Polish Court Strikes Down Abortions Targeting Disabled Children

Anti-abortion activists attend a protest in front of Poland's constitutional court, in Warsaw, Poland, Thursday, Oct. 22, 2020. Poland’s top court has ruled that a law allowing abortion of fetuses with congenital defects is unconstitutional. The decision by the country’s Constitutional Court effectively bans terminating pregnancies in cases where birth …
AP Photo/Czarek Sokolowski

Poland’s high court struck down a provision permitting doctors to abort fetuses on the grounds of congenital defects, saying the law violates the national Constitution.

In its decision Thursday, the court argued that aborting a child due to probable birth defects amounted to eugenics, an attempt to cull out the weak and undesirable in a society, notoriously practiced by the Nazis against Jews and disabled persons, and by Margaret Sanger in the United States.

Aborting an unborn child because of foreseen defects such as Down syndrome, the most common reason cited for legal abortions in Poland, violates constitutional protections of the life of every individual, the court found in its 11-2 ruling.

There can be “no protection of the dignity of an individual without the protection of life,” the court declared.

The court also ruled that conditioning an unborn child’s right to life on its health constituted a form of illicit discrimination.

The president of the court, Julia Przylebska, who was appointed to the court in 2015, announced Thursday’s verdict.

After the decision, the spokeswoman for the ruling Law and Justice party (PiS) said new legislation would be introduced to better support women and their children that will be born as a result of the court’s decision.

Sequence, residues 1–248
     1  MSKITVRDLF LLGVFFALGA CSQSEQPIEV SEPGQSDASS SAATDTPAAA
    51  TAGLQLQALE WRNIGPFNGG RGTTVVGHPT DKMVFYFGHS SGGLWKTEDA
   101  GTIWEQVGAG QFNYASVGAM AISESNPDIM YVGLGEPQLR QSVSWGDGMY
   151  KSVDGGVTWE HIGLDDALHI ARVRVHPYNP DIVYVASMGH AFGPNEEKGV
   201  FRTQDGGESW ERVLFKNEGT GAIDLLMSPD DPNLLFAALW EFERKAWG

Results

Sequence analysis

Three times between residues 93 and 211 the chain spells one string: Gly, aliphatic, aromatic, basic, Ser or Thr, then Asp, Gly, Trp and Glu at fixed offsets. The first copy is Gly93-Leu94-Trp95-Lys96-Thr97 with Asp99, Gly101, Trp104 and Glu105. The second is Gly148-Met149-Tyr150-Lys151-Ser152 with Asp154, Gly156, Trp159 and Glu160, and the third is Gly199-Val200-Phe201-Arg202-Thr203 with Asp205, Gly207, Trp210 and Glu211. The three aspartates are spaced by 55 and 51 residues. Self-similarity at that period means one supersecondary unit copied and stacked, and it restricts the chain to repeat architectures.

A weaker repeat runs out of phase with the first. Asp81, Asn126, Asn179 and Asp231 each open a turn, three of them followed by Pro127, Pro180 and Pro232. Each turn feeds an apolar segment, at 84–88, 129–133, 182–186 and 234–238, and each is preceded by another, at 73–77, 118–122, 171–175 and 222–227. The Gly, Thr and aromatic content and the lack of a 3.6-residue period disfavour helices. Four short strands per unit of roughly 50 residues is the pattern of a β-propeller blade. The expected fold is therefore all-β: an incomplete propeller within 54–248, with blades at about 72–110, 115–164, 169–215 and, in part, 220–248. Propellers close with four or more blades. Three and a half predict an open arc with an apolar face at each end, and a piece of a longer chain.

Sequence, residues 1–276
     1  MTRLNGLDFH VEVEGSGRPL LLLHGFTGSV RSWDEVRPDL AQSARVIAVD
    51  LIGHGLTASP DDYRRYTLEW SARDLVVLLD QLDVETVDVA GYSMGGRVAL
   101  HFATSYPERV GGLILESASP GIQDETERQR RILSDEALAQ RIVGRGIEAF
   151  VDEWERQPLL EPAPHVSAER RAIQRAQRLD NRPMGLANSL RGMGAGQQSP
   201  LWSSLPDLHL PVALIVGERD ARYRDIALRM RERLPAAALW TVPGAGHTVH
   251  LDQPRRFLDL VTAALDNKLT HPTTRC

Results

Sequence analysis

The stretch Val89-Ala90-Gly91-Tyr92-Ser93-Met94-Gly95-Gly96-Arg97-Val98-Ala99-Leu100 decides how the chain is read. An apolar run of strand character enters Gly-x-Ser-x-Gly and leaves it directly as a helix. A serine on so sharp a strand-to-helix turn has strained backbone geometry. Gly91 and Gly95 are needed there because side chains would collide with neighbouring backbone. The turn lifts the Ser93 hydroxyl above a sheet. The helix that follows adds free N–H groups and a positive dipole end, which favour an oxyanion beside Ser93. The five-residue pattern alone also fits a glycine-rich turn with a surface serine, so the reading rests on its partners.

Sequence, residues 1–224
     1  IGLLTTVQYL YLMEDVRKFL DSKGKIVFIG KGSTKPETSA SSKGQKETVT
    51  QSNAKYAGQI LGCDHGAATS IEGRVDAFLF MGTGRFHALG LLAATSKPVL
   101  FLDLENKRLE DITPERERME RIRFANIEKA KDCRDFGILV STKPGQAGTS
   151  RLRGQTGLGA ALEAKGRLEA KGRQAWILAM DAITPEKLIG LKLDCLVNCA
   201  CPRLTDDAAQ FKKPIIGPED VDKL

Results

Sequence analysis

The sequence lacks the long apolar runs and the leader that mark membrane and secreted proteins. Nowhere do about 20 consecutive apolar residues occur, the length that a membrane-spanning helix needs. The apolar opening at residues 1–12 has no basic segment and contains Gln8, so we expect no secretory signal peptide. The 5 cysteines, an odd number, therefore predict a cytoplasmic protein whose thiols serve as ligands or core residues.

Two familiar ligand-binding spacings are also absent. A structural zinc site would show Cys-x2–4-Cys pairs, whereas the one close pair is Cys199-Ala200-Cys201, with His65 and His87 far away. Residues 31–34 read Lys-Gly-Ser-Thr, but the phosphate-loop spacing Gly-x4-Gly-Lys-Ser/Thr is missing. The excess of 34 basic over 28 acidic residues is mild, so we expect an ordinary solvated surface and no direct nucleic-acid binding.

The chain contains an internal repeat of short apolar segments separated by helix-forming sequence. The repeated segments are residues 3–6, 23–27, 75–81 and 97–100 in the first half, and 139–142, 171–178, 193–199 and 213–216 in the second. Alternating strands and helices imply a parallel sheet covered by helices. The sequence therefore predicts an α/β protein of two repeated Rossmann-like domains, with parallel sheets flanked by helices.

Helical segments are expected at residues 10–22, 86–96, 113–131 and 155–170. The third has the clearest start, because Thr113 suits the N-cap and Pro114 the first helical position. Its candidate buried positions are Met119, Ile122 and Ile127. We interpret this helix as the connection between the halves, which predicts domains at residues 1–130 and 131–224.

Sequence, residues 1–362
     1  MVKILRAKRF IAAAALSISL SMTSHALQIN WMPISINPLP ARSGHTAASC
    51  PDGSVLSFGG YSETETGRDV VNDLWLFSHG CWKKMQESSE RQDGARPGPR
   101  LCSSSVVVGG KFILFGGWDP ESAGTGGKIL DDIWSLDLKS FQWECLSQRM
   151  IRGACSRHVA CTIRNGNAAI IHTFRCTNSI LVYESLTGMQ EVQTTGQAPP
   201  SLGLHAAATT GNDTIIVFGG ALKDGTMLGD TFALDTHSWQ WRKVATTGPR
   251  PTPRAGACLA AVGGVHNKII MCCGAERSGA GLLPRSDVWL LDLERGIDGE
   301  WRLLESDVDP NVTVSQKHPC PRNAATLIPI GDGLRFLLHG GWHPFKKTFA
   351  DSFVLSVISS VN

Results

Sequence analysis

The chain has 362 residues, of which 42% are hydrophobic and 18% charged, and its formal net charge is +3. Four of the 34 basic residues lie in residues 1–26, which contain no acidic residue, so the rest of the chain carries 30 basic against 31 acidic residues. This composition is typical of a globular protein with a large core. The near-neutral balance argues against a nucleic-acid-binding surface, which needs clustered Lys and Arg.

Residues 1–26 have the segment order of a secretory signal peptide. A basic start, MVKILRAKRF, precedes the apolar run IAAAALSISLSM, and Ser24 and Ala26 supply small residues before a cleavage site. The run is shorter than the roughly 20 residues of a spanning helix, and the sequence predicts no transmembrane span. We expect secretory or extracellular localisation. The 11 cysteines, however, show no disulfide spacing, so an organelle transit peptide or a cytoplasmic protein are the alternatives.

Poland’s current legislation permits abortions when the mother’s health or life is in danger, or when pregnancy results from rape or another illegal act, or in case of expected congenital defects.

Only the last provision was challenged.

Predictably, Dunja Mijatovic, the left-wing Commissioner for Human Rights of the Council of Europe wrote on Twitter that it was a “sad day for women’s rights.”

“Removing the basis for almost all legal abortions in Poland amounts to a ban & violates Human Rights,” Ms. Mijatovic stated. “Today’s ruling of the Constitutional Court means underground/abroad abortions for those who can afford & even greater ordeal for all others.”

Archbishop of Krakow Marek Jedraszewski praised the verdict and voiced his “great appreciation for the courage and integrity of the judges and great gratitude to the initiators and participants of the great social movement, which stood up for the sanctity of every human life from conception until natural death.”

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